College campuses often breed the next big idea for social media platforms; from Facebook at Harvard to the creation of Snapchat at Stanford.
Students from Lindenwood University in St. Charles, Missouri, are changing the way college students buy and sell their stuff with a new website: CollegeCrap.
CollegeCrap is similar to Craigslist, but all members must have an active .edu email. Students can buy or sell school-specific items, such as textbooks or class notes, as well as everyday items like furniture, electronics and appliances.
Alyssa Rispoli, a senior business marketing major at Lindenwood and one of the founders of the site, said some of the most popular items are textbooks, cheap furniture and football tickets at schools like Penn State University or the University of Missouri.
Rispoli said the site is all about easing students’ financial burdens.
“The site was created to help students save money and make money while in college,” Rispoli said.
CollegeCrap was launched in August 2014. Rispoli said the site has thousands of users and continues to grow. The creators have a lot more planned for the future.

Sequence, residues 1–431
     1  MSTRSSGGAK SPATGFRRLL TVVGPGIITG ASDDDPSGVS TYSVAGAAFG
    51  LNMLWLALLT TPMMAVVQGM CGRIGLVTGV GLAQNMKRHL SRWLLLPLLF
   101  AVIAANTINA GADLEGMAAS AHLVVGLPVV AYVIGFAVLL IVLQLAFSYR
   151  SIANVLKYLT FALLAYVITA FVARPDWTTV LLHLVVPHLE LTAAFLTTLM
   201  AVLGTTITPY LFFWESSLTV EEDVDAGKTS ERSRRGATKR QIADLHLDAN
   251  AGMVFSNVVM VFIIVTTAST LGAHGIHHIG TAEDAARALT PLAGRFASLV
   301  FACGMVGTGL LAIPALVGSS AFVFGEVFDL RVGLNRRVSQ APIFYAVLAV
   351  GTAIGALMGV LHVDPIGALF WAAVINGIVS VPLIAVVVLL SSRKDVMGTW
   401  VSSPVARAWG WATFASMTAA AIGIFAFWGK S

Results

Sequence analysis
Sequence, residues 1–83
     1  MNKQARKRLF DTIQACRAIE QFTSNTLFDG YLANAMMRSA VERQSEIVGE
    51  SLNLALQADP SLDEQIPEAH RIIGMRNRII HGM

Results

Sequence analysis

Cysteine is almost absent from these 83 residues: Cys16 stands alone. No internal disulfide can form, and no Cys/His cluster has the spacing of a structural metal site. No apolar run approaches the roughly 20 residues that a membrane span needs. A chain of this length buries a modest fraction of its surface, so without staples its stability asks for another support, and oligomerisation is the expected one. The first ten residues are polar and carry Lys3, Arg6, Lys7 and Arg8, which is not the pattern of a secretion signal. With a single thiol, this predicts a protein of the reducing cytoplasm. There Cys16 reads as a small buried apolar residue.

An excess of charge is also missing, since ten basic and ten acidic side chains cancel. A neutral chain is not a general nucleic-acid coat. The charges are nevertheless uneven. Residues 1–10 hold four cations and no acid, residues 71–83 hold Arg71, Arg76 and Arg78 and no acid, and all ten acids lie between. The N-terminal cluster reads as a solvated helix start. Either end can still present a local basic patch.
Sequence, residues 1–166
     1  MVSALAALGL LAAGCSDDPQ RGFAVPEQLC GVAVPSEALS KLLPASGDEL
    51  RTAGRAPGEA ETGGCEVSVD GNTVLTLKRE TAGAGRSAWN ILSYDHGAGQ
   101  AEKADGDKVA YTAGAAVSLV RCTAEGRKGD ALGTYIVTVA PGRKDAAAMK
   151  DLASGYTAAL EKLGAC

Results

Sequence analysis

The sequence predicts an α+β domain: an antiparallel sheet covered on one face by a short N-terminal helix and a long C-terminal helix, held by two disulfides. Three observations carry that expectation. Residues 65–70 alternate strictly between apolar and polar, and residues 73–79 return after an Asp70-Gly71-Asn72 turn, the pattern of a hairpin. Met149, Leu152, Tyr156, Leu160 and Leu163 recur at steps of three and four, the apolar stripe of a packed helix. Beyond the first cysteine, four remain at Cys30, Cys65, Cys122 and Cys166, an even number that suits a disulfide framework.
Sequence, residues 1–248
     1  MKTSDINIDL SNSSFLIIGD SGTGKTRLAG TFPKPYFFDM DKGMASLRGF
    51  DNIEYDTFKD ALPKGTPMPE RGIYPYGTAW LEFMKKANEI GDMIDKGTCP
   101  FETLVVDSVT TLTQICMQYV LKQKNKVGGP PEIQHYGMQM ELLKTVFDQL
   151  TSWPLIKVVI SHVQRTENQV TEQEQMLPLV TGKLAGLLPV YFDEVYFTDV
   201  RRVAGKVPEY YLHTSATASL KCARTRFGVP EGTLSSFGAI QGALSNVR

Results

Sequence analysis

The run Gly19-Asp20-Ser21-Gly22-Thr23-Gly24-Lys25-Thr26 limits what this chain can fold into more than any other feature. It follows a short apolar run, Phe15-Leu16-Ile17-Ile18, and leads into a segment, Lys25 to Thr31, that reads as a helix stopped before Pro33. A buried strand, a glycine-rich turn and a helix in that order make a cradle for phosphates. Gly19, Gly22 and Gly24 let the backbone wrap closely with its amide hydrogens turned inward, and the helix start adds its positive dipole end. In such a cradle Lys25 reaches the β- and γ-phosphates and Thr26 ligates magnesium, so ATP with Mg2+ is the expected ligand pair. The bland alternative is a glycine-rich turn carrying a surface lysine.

An app for the site will be available for iPhones and Androids in January. Additionally, there are tabs still in development on the homepage: a housing section will allow students to post about living needs and a professor page will let students grade instructors on campus.
Other features include a campus events page, a lost and found tab and a car pool feature.
Julian Barnes, who recently graduated from Lindenwood with a master’s degree in mass communication and marketing, began working on the idea three years ago as an undergraduate student. After meeting Rispoli, who had a similar idea to help students save money on textbooks, the two began working together.
CollegeCrap was created completely by students. Gilad Brunfman, a senior computer science major and Nishan Shrestha, a senior computer science major, are also initial founders.
The team behind CollegeCrap has expanded to include student graphic designers, marketing managers, web developers and marketing interns across the U.S.
Patrick Luddy, a University of Nebraska-Lincoln junior computer engineering major, said he would be interested in using CollegeCrap. Luddy said in the past, he’s used alternative sources to get textbooks that were otherwise unavailable, such as Chegg, an online textbook rental website.
Rispoli said the site isn’t for profit.
“We are not currently making profit and that was never really our goal,” Rispol said. “We just wanted to help students like ourselves save money.”